Today at our Laie Young Writers meeting, we'll be talking about pitches. This will be the first in a series that covers two vital weapons in an author's arsenal, the pitch and the synopsis.
A pitch is a few short paragraphs that are meant to leave an agent or editor dying to read your book. The pitch doesn't contain the whole plot, but should take the most fascinating elements of your book and put them on display for all to see. It's like a shop window, meant to lure prospective buyers inside. You'll use a pitch to interest an agent, and then if that agent represents you, she will probably use that pitch to hook an editor, and the editor will need that pitch to convince the editorial department to take a chance on your book. So a good pitch can go a long way.
But how to write one?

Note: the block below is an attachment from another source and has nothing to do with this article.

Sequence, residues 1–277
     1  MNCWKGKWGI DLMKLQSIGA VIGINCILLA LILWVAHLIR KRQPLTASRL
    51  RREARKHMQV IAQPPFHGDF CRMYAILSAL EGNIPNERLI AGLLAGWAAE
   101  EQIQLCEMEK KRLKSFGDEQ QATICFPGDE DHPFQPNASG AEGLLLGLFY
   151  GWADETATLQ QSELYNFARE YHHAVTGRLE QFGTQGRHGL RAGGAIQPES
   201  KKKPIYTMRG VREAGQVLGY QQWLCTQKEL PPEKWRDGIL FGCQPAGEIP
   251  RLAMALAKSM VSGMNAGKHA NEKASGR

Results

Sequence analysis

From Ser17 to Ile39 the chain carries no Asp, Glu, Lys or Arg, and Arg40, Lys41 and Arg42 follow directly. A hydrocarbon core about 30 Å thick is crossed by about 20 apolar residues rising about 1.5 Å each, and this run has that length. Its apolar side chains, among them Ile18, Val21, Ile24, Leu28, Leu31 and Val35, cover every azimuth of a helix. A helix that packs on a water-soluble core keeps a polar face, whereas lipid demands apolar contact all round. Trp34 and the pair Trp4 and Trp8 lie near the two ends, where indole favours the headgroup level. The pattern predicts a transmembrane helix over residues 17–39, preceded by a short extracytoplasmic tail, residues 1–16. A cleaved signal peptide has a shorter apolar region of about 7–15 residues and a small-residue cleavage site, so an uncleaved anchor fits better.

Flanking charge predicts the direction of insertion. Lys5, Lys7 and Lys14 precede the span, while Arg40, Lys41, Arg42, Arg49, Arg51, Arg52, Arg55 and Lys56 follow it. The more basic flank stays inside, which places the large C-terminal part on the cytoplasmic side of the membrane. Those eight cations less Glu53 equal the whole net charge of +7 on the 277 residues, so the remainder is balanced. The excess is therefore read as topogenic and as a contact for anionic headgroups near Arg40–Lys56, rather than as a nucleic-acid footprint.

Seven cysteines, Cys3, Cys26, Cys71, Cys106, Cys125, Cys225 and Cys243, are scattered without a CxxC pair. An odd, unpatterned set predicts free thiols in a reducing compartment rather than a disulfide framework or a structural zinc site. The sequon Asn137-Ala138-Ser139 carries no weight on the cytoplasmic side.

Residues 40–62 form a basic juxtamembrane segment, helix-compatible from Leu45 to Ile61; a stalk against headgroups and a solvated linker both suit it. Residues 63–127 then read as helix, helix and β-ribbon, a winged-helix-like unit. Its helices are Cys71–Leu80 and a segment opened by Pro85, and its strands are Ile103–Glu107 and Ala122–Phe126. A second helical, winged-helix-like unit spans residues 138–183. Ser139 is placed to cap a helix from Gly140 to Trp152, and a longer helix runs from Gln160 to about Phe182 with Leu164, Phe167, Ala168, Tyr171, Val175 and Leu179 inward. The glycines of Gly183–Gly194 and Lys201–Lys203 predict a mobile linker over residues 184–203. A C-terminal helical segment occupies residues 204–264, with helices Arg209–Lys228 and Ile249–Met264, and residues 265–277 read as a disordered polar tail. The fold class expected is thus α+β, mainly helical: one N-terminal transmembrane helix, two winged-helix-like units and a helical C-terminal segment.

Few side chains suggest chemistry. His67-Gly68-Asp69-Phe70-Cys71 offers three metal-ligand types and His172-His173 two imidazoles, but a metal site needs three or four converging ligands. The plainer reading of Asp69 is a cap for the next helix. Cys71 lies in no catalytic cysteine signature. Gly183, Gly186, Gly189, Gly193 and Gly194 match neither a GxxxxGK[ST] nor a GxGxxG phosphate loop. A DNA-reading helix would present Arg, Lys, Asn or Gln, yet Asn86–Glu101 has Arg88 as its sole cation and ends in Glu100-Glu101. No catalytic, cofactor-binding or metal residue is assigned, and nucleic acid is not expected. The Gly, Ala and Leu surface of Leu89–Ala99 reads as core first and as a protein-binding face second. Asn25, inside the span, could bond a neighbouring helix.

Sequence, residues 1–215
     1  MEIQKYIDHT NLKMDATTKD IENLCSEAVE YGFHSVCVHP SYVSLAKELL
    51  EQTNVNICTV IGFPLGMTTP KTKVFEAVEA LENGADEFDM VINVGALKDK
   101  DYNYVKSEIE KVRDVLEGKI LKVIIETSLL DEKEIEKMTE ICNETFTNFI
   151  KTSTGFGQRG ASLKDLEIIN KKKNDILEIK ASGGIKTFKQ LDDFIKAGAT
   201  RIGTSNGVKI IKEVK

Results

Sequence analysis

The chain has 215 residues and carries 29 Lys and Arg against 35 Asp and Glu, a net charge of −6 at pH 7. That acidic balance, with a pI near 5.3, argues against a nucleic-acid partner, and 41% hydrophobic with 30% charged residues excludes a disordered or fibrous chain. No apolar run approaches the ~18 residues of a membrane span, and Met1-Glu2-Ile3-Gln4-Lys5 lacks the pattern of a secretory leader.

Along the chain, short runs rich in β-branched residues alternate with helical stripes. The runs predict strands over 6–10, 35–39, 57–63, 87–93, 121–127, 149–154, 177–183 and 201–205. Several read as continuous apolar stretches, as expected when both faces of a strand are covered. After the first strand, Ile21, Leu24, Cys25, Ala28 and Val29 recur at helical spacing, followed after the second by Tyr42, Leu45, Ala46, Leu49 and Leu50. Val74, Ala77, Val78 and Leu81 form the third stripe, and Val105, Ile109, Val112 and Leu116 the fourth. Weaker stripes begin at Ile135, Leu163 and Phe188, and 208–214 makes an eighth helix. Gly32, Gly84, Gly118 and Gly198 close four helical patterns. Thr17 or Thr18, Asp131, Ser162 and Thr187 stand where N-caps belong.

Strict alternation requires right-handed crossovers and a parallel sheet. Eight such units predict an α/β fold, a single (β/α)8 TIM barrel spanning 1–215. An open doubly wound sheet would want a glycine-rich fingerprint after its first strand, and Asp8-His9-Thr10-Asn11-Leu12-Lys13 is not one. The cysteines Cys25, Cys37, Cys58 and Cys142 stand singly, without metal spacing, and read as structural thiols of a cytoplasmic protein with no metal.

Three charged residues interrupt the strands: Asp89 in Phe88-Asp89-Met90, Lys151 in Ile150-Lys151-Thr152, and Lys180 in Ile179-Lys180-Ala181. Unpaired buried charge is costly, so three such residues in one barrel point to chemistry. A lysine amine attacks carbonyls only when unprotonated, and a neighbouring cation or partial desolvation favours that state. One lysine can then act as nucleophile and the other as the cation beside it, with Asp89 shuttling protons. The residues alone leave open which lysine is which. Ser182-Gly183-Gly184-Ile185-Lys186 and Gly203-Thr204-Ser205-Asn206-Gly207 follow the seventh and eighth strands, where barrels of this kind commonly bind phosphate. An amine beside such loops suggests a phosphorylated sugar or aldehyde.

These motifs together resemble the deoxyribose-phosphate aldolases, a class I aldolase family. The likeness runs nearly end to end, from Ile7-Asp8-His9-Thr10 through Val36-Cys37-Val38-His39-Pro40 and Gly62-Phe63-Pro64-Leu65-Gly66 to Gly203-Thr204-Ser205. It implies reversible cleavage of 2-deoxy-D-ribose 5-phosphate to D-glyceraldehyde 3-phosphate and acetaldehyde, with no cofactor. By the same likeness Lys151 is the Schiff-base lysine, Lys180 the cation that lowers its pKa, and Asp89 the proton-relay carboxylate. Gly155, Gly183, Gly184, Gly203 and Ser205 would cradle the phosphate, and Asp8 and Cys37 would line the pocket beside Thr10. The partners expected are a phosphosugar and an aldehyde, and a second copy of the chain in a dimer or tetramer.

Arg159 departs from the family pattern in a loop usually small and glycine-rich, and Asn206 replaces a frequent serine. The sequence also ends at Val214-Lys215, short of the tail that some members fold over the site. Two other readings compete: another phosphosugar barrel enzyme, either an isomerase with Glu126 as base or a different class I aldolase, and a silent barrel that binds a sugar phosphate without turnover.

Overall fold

It isn't easy. A good pitch is like poetry. Every word counts. And how can you boil down an entire novel to less than half a page? But this is what makes the pitch such a great writing tool. It forces you to decide what's most important about your story. In fact, I like to write my pitch before I begin drafting a new book. It keeps me on track as I go.
According to Elana Johnson's excellent guide, From the Query to the Call, a pitch needs four things:
This afternoon we'll take a look at a successful pitch, analyze it, and then try writing our own.
From the Query to the Call is free for download from Elana Johnson's website. Those of you who are serious about publishing should definitely read it for yourselves.